One really good method is to leave contingency sessions free to revisit tricky topics. I'll ask students every quarter to identify what they are finding difficult from the topics we've covered so far and then dedicate a session to go over them again.
For example, in the new Psycology A-Level my students have been a little fearful of the newly introduced Maths and Biology content, so we’ve spent the contingency time going over that. This way, you can revisit older topics within those gaps to keep the content fresh in their minds with refreshers.
Offer revision classes
Sometimes an hour or so isn’t quite enough to cover everything you need for your subject and revision classes for students always prove popular. Every subject will have topics which are quite frankly difficult, and you will know which ones these are because as a teacher because you probably find yourself getting confused with them too.
For example, teaching psychology, I know essay writing is something students really struggle with and I’ve run classes where we break down a good essay structure and how assessment objectives work (e.g. AO1, AO2/AO3). The jump from GCSE essay writing to A-level is fairly significant and students often find this a struggle.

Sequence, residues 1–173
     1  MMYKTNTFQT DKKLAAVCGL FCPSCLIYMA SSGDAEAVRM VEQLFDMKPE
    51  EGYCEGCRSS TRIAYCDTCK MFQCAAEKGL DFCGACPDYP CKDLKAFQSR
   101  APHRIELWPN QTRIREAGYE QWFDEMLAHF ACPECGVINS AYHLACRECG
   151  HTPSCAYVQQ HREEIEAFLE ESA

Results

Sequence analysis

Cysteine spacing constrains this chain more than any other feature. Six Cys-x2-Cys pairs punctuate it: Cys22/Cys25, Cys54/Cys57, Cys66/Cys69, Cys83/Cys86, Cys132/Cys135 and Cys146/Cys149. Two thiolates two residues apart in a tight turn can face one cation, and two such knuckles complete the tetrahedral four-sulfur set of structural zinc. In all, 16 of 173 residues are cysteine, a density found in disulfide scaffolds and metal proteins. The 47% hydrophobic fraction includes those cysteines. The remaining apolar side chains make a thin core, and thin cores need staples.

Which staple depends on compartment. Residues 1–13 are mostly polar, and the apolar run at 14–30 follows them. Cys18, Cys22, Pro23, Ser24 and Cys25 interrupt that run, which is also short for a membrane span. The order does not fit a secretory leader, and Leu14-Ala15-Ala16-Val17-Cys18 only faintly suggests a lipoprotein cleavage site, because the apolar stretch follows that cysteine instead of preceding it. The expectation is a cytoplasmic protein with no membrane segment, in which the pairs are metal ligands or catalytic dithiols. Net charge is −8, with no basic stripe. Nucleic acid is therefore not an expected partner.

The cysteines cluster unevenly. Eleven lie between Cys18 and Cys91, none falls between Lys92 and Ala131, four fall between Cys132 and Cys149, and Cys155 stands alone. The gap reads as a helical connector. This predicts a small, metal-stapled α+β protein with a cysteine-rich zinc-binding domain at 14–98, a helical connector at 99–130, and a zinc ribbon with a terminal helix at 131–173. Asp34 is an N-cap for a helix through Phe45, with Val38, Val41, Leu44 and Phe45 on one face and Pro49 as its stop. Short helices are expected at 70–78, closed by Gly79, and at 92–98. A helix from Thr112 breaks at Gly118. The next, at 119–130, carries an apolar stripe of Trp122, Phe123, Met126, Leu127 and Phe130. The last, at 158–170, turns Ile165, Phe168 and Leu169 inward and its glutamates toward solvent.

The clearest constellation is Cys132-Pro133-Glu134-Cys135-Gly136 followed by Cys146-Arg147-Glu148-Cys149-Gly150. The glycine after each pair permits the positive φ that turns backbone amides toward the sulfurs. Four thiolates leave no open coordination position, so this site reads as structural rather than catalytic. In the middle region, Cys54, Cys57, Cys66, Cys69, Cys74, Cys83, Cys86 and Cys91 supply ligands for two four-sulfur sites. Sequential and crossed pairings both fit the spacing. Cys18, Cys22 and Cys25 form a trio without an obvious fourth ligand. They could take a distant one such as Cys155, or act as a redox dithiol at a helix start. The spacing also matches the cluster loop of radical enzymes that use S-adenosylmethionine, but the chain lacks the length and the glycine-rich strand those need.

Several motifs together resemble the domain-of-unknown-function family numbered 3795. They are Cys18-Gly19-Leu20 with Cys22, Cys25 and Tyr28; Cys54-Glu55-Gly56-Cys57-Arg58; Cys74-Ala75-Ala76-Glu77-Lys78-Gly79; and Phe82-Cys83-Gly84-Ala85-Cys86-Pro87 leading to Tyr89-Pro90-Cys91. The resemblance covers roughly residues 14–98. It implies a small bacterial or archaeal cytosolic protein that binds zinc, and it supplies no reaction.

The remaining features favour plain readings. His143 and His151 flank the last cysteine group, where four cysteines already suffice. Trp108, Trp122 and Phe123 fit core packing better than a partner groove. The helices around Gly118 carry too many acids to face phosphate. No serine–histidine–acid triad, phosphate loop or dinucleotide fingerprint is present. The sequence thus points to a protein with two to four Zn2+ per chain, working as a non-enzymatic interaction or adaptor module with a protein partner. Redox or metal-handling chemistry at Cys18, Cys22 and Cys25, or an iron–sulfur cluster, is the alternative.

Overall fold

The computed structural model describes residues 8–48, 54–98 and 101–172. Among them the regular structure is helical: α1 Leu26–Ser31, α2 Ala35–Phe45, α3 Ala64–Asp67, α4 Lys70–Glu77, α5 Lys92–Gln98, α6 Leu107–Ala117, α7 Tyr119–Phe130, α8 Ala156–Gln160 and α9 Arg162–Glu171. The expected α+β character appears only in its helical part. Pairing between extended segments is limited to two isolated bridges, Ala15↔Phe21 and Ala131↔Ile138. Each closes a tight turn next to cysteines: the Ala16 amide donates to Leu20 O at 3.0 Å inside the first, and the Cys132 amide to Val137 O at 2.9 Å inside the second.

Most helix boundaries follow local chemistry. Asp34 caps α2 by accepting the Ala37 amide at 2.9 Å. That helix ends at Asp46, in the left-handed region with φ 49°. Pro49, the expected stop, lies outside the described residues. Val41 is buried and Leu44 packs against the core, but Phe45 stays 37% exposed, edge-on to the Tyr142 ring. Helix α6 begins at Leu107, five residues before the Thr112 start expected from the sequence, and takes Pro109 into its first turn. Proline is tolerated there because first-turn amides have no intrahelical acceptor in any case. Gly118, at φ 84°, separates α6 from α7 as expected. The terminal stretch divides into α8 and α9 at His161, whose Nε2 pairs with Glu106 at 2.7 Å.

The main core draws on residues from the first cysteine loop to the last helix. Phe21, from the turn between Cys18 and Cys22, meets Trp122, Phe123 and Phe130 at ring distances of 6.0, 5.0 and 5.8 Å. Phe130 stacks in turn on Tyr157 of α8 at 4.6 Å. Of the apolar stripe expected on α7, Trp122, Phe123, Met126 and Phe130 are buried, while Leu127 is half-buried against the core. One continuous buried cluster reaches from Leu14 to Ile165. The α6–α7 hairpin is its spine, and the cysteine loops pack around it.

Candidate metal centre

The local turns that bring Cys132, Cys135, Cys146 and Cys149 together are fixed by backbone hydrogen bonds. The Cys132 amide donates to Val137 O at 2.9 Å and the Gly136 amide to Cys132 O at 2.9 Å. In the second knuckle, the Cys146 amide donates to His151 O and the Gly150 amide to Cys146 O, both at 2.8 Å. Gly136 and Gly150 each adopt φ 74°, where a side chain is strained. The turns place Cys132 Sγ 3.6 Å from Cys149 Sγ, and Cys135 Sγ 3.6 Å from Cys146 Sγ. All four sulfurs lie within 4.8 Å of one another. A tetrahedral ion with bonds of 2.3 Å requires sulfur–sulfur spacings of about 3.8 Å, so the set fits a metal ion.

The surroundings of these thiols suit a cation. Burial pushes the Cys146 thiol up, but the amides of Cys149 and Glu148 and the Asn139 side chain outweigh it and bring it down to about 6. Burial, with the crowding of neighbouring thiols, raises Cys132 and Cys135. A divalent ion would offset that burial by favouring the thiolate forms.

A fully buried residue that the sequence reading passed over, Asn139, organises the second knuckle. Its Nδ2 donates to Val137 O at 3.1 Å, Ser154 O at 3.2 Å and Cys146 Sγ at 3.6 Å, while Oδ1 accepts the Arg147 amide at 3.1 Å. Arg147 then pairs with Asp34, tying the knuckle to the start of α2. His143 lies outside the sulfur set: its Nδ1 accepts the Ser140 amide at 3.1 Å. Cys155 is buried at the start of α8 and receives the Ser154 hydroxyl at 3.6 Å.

Similar issues will apply for other subjects with problem areas and it’s always a good idea to identify and invest some time to tackle them outside of the classroom. This should help students become more confident and raise their grade levels as naturally they would have shy away from things they feel unconfident with.
Practice with Past Papers
A really good way of preparing for a future exam paper is to practice using past ones. What I like to do is:
You’ve now created practice booklets you can hand out for all the different topics and students can use them get more confident with the exam style questions too.
Doing this encourages good exam technique from students as it gives them the opportunity to practice answering the questions as they will come up in the exams, but also refer to the answers and correct them using the answer booklets. This will enable them to get into the mindset of examiners and help them understand what they answer incorrectly and how they can fix this going forward.
Want to receive cutting-edge insights from leading educators each week? Sign up to our Community Update and be part of the action!
In conjunction with Lamar University, we present the ITEGS Report (International Test of Early Grade Skills). With a sample size over 290,000, it's the largest study of foundational reading and numeracy skills in the 5-9 age bracket across multiple countries. ITEGS offers a unique comparative snapshot across countries (and states/regions) during the very critical foundational skill acquisition period. It helps identify educational jurisdictions that are having greatest success with their students.